Saturday, May 03, 2008

And After Giving You a Bad Grade, I'll Sue Your Sorry Ass

Well, this answers the question of why those claiming to be dissatisfied customers of mine ("Yeah, I was in that class and I think you suck too") need to vent anonymously about this post, rather than discussing our pedagogical differences in office hours. Apparently, at Dartmouth, classroom conflict has reached such a pitch that a teacher is suing her students. I had not realized that there are dimensions of my vast power to dominate others that I have not yet activated.

OK, seriously: I'm sure there is more to this than meets the eye, and both teacher and students have clearly run off the rails in what appears to be a Lord of the Flies situation. But I think the department chair and this woman's senior colleagues may have some explaining to do as to why there hasn't been a mentoring intervention at an earlier date. Things like this don't just happen suddenly, in one class, one semester. Do they? Enquiring minds want to know.

Thanks to my fellow Zenith bloggers for this tip. You might also want to go to University Diaries for several typically incisive posts offering commentary on and extra links for this sad little tale of a classroom run amok: the full story actually reads like one of those movies with Bruce Willis where a city bus full of children and old people has been taken over by terrorists and is careening through the streets of a city completely out of control while the mayor and the chief of police negotiate with an insane dictator. Except with email.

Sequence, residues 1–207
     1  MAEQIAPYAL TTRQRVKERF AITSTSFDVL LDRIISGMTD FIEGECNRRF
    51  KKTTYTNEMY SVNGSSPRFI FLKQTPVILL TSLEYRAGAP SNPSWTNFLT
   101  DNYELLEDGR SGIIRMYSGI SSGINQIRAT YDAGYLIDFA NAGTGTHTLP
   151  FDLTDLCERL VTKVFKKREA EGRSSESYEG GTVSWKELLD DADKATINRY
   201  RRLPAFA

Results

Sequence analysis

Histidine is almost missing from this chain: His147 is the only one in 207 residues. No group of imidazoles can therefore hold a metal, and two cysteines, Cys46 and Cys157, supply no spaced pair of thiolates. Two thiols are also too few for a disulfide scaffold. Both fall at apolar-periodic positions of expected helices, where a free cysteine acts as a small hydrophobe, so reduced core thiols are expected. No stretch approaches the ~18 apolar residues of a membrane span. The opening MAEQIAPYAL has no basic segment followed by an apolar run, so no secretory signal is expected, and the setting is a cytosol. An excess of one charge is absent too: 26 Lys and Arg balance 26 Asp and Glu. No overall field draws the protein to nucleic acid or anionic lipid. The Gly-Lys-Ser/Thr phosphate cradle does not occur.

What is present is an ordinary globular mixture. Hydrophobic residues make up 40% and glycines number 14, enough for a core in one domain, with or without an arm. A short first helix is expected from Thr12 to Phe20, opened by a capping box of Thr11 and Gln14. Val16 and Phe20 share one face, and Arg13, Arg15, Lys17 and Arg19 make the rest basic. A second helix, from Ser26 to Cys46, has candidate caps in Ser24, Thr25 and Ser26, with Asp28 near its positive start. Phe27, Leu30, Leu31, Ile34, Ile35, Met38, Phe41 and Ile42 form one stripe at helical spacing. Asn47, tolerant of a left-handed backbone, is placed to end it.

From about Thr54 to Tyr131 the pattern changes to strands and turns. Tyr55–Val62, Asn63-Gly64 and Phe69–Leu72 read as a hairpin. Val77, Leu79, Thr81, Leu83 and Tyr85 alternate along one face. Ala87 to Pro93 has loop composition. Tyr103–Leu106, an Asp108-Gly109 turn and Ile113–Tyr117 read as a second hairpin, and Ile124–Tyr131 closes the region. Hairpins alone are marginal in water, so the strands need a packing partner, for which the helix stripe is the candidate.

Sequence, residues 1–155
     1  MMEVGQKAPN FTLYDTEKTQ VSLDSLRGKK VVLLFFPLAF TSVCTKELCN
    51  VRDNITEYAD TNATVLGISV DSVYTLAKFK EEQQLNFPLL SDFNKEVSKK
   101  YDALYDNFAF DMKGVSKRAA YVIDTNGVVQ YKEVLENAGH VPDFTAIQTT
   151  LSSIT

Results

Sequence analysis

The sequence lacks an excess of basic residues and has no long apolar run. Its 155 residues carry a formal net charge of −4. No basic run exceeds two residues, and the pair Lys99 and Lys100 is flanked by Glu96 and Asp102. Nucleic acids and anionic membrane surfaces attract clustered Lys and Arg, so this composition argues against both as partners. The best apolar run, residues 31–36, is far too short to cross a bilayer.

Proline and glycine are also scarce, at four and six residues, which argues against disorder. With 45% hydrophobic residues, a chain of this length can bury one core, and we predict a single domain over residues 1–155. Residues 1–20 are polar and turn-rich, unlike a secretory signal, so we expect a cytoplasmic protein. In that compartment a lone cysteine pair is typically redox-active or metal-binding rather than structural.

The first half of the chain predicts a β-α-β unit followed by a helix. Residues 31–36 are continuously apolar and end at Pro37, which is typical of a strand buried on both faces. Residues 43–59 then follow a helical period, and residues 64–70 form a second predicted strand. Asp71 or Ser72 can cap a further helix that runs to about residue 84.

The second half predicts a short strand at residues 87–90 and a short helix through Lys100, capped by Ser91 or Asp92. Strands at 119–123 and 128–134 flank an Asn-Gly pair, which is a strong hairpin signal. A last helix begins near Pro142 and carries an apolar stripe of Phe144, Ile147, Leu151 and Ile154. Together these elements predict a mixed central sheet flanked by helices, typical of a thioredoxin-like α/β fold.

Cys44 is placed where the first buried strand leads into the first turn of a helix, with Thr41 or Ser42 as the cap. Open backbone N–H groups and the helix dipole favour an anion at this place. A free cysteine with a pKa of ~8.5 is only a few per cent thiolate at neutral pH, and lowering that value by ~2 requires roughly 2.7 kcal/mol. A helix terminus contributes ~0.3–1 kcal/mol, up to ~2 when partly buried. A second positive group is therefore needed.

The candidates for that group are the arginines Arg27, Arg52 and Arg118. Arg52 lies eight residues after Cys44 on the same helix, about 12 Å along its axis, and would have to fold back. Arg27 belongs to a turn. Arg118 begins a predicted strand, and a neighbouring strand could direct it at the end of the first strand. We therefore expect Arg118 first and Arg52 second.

You know, here's a rule of thumb for you: when you can't decide how to respond to a typical academic problem, whether it be with a student, a colleague, or the university administration, ask yourself: what would Margaret Soltan do?


GayProf said...

Wait -- We can sue them?!?!? Where is that lawyer's number?

D said...

Here's a more or less insane interview she conducted with the Dartmouth newspaper. It's kind of long, but it's stuffed with headscratchers and gems from beginning to end.

"She was probably the most abrasive, the most offensive, the most disruptive student. She ruined that class. She ruined it. She ruined it."

Heather Munro Prescott said...

Looks like Dartmouth hasn't changed at all in the past twenty years since I last worked there (in the library). Back then, the _Review_ decided they were going to get rid of as many "radical" professors as possible by disrupting their classes and writing negative comments in their newspaper (this was long before "Rate My Professor.") Some professors, even a few with tenure, left in disgust when nothing was done about it. So much for minority retention.

Anonymous said...

When are you going to blog about the latest controversy over your university's treatment of visiting faculty?

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